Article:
Stop a 4closure if the NTR Recording was wrong?! - Posted by Jay Phx

Posted by JT-IN on August 09, 2007 at 15:58:50:

Not a clerical error but a error in identity… a nunc pro tunc is not appropriate in that case.

They could amend the complaint and provide service to the proper person at the correct address, but the time limits for answering and remedy of the default would, or should all start from scratch… Nearly the same as starting a new case.

In order to defend the erroneous naming of a party, and protect the debtors rights, the debtor may need to get actively involved here to make the error of record, before the matter is finalized… They probably need an Atty asap… nothing to mess around with because if they are aware of this error and do nothing, they could be proven to have “had notice” and a judgment could stand. No sense in taking chances on that one…


Stop a 4closure if the NTR Recording was wrong?! - Posted by Jay Phx

Posted by Jay Phx on August 06, 2007 at 14:37:35:

Hi All,
I’ve read somewhere before that if the recorded Notice of Trustee Sale doc has any information that is incorrect (ie, Name Mispelled, Address Incorrect, Etc.) that it is possible to stop/halt/or at least delay the foreclosure sale. Is this correct? If so, what is are the steps (who to contact) to start getting the brakes put on?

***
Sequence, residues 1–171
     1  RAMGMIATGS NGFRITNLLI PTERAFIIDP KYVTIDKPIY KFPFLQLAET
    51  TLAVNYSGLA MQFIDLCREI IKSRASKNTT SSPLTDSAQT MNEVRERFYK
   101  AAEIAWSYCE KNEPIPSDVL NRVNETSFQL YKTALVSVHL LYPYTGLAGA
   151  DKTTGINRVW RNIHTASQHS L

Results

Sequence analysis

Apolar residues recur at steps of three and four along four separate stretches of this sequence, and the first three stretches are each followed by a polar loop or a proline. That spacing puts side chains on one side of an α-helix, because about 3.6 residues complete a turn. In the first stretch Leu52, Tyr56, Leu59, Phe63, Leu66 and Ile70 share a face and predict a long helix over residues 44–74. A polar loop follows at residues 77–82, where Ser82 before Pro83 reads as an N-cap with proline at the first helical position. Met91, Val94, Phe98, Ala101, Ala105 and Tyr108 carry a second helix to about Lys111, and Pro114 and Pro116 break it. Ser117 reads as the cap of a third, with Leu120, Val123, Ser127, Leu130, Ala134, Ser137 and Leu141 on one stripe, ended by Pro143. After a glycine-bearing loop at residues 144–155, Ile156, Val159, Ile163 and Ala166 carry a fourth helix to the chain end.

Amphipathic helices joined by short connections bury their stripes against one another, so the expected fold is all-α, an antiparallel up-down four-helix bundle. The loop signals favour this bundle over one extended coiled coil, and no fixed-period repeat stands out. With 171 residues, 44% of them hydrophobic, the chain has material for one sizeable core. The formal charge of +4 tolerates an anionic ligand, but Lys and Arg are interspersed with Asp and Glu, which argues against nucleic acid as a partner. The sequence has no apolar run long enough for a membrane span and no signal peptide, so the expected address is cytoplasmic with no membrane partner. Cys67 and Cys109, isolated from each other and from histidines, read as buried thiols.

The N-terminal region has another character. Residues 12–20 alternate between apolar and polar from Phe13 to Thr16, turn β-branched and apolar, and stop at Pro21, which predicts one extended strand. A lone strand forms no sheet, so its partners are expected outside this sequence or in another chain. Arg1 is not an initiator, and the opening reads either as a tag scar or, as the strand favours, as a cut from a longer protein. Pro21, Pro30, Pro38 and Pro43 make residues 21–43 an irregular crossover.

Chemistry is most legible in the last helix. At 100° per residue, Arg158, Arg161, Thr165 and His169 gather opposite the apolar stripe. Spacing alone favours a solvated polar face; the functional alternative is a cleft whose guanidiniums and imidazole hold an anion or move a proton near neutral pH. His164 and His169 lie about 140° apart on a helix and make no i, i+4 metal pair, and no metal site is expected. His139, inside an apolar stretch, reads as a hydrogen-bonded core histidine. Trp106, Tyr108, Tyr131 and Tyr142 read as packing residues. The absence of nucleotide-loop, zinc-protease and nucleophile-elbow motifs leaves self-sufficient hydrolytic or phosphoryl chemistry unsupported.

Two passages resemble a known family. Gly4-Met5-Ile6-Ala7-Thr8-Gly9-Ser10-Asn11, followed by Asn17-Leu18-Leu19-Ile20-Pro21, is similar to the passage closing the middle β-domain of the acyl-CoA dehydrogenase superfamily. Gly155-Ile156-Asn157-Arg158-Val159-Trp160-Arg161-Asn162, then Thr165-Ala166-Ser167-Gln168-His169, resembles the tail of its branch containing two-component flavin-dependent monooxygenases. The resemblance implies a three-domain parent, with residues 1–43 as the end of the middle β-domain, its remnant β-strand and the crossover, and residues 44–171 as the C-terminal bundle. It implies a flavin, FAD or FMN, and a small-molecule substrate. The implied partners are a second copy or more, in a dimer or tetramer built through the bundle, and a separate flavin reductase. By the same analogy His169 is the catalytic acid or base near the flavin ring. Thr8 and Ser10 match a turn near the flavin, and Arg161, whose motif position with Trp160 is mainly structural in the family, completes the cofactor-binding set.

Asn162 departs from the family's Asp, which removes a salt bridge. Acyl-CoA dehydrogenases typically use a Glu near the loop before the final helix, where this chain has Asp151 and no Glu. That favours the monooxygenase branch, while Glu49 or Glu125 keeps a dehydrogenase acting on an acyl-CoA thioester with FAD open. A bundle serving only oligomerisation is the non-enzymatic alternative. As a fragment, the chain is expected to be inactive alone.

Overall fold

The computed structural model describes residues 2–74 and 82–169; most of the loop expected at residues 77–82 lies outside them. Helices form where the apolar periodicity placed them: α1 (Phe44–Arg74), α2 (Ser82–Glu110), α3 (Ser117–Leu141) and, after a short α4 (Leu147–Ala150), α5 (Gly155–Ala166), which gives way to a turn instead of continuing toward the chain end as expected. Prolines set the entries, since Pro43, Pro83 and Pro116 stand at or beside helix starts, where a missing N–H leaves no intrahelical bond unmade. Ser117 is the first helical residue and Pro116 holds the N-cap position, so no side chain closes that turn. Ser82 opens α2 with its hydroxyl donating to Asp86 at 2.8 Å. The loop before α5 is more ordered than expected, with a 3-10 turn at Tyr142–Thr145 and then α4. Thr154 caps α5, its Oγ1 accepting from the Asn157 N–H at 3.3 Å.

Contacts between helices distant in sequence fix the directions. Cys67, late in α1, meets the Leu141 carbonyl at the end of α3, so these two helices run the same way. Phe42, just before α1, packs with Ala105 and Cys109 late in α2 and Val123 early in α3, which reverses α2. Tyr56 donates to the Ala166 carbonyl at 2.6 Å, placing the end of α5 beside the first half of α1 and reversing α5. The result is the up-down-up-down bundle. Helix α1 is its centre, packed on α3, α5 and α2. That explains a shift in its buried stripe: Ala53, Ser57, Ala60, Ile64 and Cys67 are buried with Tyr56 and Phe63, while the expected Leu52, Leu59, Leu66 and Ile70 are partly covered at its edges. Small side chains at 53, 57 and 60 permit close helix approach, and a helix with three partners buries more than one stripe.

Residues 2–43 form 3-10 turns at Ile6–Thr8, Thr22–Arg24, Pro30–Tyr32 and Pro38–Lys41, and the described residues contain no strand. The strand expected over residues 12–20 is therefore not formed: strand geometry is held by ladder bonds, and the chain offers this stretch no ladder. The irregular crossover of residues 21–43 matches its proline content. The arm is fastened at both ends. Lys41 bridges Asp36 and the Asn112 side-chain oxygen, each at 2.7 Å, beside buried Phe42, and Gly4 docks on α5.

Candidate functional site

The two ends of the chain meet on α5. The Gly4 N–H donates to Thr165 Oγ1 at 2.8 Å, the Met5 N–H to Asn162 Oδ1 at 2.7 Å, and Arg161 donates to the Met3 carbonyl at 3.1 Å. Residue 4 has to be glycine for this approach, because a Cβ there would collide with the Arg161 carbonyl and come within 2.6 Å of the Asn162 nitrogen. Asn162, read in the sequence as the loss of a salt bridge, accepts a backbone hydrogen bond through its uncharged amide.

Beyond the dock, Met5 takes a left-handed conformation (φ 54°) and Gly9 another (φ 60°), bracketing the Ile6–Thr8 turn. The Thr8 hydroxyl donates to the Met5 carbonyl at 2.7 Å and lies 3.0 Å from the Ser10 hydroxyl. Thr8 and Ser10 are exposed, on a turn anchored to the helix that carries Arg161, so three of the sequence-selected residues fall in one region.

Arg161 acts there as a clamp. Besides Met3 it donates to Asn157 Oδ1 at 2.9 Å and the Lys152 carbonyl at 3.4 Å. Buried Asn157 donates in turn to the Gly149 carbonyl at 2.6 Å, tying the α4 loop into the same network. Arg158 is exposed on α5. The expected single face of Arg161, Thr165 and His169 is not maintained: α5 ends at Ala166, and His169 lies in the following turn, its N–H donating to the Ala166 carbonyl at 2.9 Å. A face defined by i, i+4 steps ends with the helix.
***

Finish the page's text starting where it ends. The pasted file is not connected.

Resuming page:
I have a Short Sale file I’ve been working and the banks are delaying this thing until now it’s 2 weeks until sale…however, the owner’s name on the NTR Document isn’t correct, so I’m hoping I can’t halt this thing somehow. Thanks for you advice in advance!!

Jay Phx

nunc pro tunc… - Posted by JT-IN

Posted by JT-IN on August 07, 2007 at 18:18:50:

“This phrase is used to express that a thing is done at one time which ought to have been performed at another.”

Kind of a corrective action, often used to straighten out an oversight or clerical error, which avoids vacating previous orders, and pretty much eliminates your game plan here.

Obviously the use of this filing will vary from jurisdiction to jurisdiction, but I sure see it used quite a lot in foreclosure cases to tidy up lots of errors… Kind of like we really didn’t make that error because we meant to say it this way… “Corrected spelling”; nunc pro tunc. “Now as then”. All fixed.

forget it… - Posted by Ben(NJ)

Posted by Ben(NJ) on August 07, 2007 at 16:49:00:

if this were true the whole system would grind to a halt for every mistake made. The other poster is right, upon Final Judgment the foreclosing attorney will simply file a motion correcting any clerical errors.

re: - Posted by

Posted by on August 06, 2007 at 19:17:33:

it’s possible, but you would have to review your state law on foreclosures to find out. Many states have made sure the foreclosure process is streamlined so minor clerical errors may not be a cause to stop a foreclosure.

1st things first, call up an RE attorney. That may cost some money though.

Re: nunc pro tunc… - Posted by Jay Phx

Posted by Jay Phx on August 08, 2007 at 21:40:29:

Hi JT,
Thanks for your response. You think that applies if the name is not correct at all? It’s not that their names are misspelled, they are not even the same people and the address is incorrect due to a mixup during deed recording years ago. Thanks again!